What happened 

The world of renewable energy was blindsided today by proposed rules for residential solar in California. Net metering is being changed, which isn't a surprise, but the rules may make it hard for anything but the most expensive rooftop solar projects to be economical. 

Solar energy stocks were hurt the most, with Enphase Energy (ENPH -2.88%) dropping as much as 9.1% and SunPower (SPWR -40.08%) falling 11.9%. The two stocks were down 6% and 11.6% respectively at 2:55 p.m. ET. Bloom Energy (BE -4.12%), which makes fuel cells for commercial buildings, was also down as much as 7.2% today. 

Home with solar panels on the roof.

Image source: Getty Images.

So what 

States adjust how net metering and grid access works on a regular basis, but California is by far the largest solar and renewable energy market in the country, so it gets a vast majority of the attention. Late on Monday, the California Public Utilities Commission issued a proposal that could be extremely damaging to solar energy projects. 

The biggest contention is an $8-per-kilowatt (kW) monthly grid participation fee for homes with rooftop solar. This would cost an average homeowner around $700 per year and undermine the financial viability of solar-only installations. What the commission wants to do is give homeowners an incentive to store energy in batteries during peak hours to reduce strain on the grid. But this will likely make solar-only projects uneconomical altogether. 

Solar plus storage projects get even more complicated. They may be economical, but only if they don't export any electricity to the grid at all and instead offset evening and night electricity consumption with power stored during the day. This is what Sunrun's (RUN -0.64%) Edward Fenster argued in a public letter this morning.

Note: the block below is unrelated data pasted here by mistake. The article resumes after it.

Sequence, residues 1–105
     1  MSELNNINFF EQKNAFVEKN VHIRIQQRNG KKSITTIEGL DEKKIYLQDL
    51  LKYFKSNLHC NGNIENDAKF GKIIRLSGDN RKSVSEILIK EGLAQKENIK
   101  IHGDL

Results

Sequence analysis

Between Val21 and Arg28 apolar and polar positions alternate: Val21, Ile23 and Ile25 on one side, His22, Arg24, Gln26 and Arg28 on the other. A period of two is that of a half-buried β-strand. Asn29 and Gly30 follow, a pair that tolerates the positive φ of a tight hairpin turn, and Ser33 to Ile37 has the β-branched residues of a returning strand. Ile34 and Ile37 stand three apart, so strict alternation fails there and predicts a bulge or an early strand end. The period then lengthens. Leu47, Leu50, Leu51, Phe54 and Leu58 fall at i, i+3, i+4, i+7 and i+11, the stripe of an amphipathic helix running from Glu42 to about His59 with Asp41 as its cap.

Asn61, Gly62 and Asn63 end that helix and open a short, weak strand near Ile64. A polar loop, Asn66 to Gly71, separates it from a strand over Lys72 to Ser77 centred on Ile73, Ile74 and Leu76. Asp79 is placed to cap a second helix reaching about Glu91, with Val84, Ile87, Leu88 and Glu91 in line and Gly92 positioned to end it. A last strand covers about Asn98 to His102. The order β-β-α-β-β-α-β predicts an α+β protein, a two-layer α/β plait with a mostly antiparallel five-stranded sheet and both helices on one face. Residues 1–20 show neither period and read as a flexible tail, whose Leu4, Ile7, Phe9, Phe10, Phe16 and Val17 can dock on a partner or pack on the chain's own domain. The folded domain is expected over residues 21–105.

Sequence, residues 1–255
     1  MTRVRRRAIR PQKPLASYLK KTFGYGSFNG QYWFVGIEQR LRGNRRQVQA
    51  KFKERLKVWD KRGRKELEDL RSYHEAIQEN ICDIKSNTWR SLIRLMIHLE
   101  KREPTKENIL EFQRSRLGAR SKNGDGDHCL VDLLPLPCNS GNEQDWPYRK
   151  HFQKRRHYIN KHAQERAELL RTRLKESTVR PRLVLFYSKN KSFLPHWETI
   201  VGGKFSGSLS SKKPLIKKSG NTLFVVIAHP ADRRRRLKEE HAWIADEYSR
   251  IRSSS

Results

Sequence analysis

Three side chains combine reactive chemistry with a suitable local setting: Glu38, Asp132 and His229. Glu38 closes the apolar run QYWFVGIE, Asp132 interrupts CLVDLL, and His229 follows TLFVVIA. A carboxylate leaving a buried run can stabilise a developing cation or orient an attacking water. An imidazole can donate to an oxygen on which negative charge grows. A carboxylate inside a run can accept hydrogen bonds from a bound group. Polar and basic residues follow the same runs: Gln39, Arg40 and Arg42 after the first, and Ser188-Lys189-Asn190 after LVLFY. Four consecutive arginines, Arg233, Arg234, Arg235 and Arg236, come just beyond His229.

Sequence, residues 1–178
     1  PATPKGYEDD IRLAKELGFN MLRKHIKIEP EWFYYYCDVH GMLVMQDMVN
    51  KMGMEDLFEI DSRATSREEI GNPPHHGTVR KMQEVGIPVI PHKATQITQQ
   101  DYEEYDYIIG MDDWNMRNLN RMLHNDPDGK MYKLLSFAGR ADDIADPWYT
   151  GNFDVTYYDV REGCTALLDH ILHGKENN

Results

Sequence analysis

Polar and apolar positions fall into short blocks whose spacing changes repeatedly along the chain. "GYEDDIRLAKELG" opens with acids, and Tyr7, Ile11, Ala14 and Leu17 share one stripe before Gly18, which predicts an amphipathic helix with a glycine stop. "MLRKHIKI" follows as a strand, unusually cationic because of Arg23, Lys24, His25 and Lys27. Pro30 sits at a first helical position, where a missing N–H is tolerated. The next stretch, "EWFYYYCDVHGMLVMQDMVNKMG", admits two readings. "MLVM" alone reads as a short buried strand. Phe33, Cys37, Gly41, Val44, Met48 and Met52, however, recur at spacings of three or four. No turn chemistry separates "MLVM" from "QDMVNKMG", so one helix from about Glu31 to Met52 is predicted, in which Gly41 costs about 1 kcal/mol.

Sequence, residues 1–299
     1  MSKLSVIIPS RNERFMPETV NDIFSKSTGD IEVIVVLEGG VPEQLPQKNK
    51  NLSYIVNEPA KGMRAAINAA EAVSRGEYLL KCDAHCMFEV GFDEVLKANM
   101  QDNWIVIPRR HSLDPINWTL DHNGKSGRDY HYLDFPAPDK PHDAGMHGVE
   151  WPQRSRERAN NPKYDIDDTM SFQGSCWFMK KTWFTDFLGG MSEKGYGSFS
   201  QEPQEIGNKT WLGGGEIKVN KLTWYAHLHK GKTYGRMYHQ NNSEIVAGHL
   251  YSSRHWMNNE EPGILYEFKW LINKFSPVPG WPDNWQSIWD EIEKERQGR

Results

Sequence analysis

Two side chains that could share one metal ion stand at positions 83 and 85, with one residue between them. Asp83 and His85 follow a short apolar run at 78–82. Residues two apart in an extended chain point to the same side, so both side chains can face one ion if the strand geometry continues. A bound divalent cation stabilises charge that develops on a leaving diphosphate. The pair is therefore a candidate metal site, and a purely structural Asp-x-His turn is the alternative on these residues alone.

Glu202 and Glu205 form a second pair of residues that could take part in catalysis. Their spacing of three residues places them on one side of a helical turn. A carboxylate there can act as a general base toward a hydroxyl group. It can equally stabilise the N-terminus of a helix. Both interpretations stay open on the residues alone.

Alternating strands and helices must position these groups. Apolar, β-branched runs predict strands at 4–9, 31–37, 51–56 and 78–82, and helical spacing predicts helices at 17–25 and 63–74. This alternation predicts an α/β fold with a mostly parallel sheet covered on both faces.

To make matters even worse, two previous versions of net metering will be sunset 15 years after installation, which could make projects financed for 20 or 30 years uneconomical. As the project owners, companies like Sunrun and SunPower have a lot of financial risks if projects are no longer as economical as planned. 

Now what 

If passed as planned, this could be a huge blow to California's solar business. And most companies that operate in the U.S. are highly dependent on California to grow installations. 

While Sunrun and SunPower will be directly impacted by this bill, Enphase and Bloom Energy are downstream in their impact. Enphase could see less demand for its microinverters while Bloom's investors may see less favorable policies coming for fuel cell projects. 

Keep in mind that these rules aren't final and the public and renewable energy companies will have time to comment. But right now the policy landscape doesn't seem favorable for rooftop solar, whether that's the intention or not.